Building a house out of French fries seems like a bad idea, but fried potatoes and lumber are, chemically, very similar. Only one bond distinguishes the food we enjoy from the wood with which we build.
Potatoes, made from starches, and lumber, made from cellulose, are both derived from the same sugar molecule: glucose. In order to form carbohydrates, the small glucose molecules bond with each other to form large chains of repeated glucose molecules called polymers in a process known as polymerization. Once these molecules are bound together, they form carbohydrates that can be broken down by our bodies into energy. This polymerization process creates distinct patterns in the glucose chain structure, which is the key difference between the wood we use as lumber, and the food we eat.
When glucose molecules in starch or cellulose bond together to form long chains, they join by either an alpha (α) or beta bond (β), which refers to the configuration of the molecules in the chain. Based on the type of bond formed, the resulting polymers will have an entirely different function.
Starches, known as glycogen in animals and amylopectin in plants, are characterized by alpha linkages between each molecule. This bond ensures that all the glucose molecules in the long chain are positioned in the same direction, facing outwards. Due to this orientation, these atoms can welcome additional bonds in the molecule to form side branches. These side branches grow very large, as more glucose molecules join in; and eventually, the chain forms a giant web of glucose polymers—although not a very strong one.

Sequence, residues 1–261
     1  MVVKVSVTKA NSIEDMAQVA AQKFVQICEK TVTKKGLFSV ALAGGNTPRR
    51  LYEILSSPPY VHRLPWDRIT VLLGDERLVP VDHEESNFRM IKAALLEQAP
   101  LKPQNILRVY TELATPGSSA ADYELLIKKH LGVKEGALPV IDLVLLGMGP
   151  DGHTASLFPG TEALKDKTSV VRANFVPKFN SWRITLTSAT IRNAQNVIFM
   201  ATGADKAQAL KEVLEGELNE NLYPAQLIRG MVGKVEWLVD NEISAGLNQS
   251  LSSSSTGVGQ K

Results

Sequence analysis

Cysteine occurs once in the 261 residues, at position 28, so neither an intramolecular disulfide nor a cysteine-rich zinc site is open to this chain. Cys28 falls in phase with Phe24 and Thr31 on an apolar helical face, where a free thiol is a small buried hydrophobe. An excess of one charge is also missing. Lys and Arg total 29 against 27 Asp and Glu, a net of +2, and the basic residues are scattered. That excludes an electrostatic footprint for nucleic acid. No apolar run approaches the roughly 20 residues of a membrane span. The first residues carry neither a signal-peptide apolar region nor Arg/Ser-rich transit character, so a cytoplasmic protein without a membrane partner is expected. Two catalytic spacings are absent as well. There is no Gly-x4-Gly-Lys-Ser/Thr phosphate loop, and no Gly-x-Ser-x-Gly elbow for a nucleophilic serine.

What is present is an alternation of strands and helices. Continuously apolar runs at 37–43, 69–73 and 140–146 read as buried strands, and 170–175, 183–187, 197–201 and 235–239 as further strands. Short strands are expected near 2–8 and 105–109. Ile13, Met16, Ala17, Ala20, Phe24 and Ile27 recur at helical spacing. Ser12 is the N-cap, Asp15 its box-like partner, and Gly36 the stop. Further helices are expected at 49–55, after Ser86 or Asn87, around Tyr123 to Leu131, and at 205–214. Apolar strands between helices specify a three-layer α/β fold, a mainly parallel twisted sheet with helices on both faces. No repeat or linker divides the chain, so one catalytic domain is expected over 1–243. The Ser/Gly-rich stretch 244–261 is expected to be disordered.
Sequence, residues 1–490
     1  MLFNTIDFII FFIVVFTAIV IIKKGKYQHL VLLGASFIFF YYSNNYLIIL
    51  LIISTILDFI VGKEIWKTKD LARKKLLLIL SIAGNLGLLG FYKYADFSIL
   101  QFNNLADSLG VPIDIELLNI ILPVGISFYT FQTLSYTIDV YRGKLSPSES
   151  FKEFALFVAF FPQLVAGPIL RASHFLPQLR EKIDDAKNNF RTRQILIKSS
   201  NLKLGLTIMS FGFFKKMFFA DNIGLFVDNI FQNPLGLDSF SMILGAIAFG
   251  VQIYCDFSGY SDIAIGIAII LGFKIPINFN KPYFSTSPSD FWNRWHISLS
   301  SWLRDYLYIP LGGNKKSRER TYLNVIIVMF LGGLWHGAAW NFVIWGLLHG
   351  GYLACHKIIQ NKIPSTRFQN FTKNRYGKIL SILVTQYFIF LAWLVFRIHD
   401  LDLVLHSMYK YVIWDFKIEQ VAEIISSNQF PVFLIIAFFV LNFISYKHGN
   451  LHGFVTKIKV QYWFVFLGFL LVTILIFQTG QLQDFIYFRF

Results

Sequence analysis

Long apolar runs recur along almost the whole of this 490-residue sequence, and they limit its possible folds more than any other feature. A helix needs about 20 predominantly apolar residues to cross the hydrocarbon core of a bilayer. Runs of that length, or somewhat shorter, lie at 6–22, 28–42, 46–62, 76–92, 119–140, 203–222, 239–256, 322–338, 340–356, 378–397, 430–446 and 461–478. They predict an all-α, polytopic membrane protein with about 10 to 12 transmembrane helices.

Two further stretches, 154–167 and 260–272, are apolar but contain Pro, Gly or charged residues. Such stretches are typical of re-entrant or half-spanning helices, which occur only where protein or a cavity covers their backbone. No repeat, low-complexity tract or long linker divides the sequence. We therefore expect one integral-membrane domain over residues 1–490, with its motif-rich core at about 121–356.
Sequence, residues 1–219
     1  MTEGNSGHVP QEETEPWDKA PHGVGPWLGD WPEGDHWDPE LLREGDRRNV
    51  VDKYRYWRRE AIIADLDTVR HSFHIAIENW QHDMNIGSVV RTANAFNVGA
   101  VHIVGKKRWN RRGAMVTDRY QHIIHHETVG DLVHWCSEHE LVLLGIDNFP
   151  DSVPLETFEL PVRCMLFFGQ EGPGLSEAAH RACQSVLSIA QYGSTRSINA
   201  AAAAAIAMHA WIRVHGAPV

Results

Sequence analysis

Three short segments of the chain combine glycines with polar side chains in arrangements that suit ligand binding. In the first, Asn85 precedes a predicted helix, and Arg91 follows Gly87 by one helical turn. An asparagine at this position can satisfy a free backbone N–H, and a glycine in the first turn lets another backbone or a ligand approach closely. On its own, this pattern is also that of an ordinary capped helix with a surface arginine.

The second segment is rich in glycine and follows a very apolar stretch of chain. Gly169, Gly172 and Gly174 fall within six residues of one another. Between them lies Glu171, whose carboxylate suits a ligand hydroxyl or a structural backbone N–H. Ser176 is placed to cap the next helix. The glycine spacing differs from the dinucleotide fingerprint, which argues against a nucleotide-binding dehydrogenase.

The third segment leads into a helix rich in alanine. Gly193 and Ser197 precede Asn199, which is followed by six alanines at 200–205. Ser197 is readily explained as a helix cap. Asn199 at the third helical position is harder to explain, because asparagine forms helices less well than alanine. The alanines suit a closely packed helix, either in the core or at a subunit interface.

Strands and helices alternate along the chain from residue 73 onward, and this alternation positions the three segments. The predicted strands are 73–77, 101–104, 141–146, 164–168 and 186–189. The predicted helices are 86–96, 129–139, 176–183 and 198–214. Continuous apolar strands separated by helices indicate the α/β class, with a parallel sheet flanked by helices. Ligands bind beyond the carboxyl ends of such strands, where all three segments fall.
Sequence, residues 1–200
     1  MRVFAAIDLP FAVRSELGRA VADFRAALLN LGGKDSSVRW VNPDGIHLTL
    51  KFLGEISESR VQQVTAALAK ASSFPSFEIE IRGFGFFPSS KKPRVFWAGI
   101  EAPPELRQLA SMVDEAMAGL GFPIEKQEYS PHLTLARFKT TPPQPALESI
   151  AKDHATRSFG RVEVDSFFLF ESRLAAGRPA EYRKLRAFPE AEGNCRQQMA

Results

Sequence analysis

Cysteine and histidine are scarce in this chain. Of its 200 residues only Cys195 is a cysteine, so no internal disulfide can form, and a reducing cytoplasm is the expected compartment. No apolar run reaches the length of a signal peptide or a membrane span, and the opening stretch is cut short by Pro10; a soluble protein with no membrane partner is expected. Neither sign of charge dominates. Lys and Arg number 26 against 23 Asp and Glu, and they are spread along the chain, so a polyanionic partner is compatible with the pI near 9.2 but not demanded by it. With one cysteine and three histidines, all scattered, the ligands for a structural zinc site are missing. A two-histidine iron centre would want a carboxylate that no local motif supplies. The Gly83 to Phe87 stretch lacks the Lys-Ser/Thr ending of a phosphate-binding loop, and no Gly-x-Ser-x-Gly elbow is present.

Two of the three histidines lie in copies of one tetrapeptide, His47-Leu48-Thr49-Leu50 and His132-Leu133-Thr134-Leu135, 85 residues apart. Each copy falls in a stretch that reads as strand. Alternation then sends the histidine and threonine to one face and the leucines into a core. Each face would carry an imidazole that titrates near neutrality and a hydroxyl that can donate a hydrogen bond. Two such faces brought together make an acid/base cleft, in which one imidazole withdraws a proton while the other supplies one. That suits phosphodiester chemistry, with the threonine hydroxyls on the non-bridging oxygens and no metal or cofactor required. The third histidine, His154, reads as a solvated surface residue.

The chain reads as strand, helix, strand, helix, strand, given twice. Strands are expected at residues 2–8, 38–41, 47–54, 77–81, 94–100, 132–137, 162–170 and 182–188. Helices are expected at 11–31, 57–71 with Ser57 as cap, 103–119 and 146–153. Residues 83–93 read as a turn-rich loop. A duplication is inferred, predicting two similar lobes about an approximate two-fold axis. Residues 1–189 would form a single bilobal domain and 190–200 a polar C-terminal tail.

In contrast, cellulose—the stuff we build houses with—is made up of glucose bound by beta linkages. These bonds, however, alternate the position of each molecule in the polymer, largely blocking any side bonding atoms. Whereas the alpha linked glucose chains in starches welcome side branching, the beta linkages in cellulose are better for packing linear glucose strands side by side. Unlike a starch’s weak glucose web, cellulose is composed of strong linear chains of glucose that pack together like a bundle of pencils.
Thanks to the difference in this single bond, humans can digest French fries rather than wood—even though both of these substances are composed of glucose monomers. The branching caused by alpha linkages results in a starch molecule with weak bonds, meaning it is not difficult for the body to digest starch. Furthermore, humans possess the enzyme amylase (a protein that helps break down starch) to be used in the digestion of glucose. This enzyme only has the capability to digest alpha linkages; meaning humans cannot break down cellulose in wood to use as a source of nutrition.
Therefore, although our appetites appreciate the soft web of glucose in potatoes, our minds and our houses can appreciate the shelter that a strong beta glucose linkage offers in trees.